How quantum entanglement works

Quantum entanglement is a physical phenomenon in which two particles remain connected over long distances so that the actions performed on one particle also have an effect on the second particle. If it sounds mind-boggling, it’s because it is. Albert Einstein, who first discussed the idea of quantum entanglement in a joint paper with Boris Podolsky and Nathan Rosen, dubbed the phenomenon “spooky action at a distance” because it implies faster than light communication, which his theory of relativity ruled out.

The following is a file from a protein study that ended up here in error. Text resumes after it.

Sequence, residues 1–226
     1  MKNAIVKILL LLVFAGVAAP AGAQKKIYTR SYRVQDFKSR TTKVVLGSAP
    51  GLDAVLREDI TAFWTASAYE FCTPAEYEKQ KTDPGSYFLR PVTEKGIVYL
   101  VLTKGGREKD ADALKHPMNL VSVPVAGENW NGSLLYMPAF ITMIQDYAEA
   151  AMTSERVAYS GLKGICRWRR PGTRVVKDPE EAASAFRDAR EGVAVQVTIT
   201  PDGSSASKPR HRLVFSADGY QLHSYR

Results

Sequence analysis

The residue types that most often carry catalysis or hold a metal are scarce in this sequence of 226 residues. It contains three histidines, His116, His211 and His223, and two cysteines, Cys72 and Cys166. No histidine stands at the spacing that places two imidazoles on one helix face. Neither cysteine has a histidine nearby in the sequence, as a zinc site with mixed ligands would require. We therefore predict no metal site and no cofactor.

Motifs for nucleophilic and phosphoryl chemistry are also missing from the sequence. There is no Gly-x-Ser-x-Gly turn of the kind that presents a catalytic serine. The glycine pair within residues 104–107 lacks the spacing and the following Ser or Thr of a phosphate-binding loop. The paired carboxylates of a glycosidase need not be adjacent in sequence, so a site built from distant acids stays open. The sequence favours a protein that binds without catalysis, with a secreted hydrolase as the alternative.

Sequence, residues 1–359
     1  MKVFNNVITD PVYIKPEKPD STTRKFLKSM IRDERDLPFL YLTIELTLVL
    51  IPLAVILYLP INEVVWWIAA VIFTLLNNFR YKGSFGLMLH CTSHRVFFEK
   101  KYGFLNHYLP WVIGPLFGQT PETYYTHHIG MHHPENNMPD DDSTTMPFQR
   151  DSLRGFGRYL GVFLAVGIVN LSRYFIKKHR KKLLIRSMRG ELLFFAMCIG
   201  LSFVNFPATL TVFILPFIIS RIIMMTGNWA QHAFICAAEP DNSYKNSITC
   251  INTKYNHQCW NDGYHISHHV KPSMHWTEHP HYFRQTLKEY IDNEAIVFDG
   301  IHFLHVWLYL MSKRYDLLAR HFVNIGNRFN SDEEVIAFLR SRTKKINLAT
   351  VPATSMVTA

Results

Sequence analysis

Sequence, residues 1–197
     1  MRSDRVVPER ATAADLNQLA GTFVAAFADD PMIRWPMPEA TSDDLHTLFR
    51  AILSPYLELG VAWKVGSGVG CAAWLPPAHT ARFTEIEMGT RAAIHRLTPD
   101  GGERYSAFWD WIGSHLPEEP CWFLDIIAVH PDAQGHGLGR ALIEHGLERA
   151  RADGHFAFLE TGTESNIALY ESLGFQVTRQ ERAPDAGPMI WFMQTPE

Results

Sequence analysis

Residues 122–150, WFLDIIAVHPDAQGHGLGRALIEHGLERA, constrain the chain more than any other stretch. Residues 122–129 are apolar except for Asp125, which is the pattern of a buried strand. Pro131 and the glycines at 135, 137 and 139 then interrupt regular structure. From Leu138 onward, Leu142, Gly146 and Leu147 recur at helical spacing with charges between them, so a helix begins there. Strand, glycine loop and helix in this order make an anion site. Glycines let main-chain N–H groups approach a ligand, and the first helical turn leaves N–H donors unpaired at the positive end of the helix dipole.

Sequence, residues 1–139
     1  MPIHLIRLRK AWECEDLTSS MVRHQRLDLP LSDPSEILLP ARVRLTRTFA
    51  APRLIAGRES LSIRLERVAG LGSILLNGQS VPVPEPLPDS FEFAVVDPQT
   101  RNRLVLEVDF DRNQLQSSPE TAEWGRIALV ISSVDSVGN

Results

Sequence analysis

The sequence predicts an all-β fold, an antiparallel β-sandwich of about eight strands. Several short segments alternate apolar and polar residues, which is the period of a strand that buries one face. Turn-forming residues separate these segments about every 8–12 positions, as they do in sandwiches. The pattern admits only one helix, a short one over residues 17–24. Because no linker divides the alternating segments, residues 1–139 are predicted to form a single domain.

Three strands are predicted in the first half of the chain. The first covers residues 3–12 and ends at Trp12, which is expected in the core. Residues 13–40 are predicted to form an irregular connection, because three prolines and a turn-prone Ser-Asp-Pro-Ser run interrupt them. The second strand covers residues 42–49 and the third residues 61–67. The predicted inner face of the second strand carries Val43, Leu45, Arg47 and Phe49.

The particles in the entangled pair form an inseparable whole and one cannot be fully described without the other. However, entanglement is broken when particles interact with the environment, such as when a measurement is made. The paradox of quantum entanglement lies in the fact that a measurement of either one of the entangled particles collapses the entire system before the result of one measurement can be transmitted to the other particle. (more…)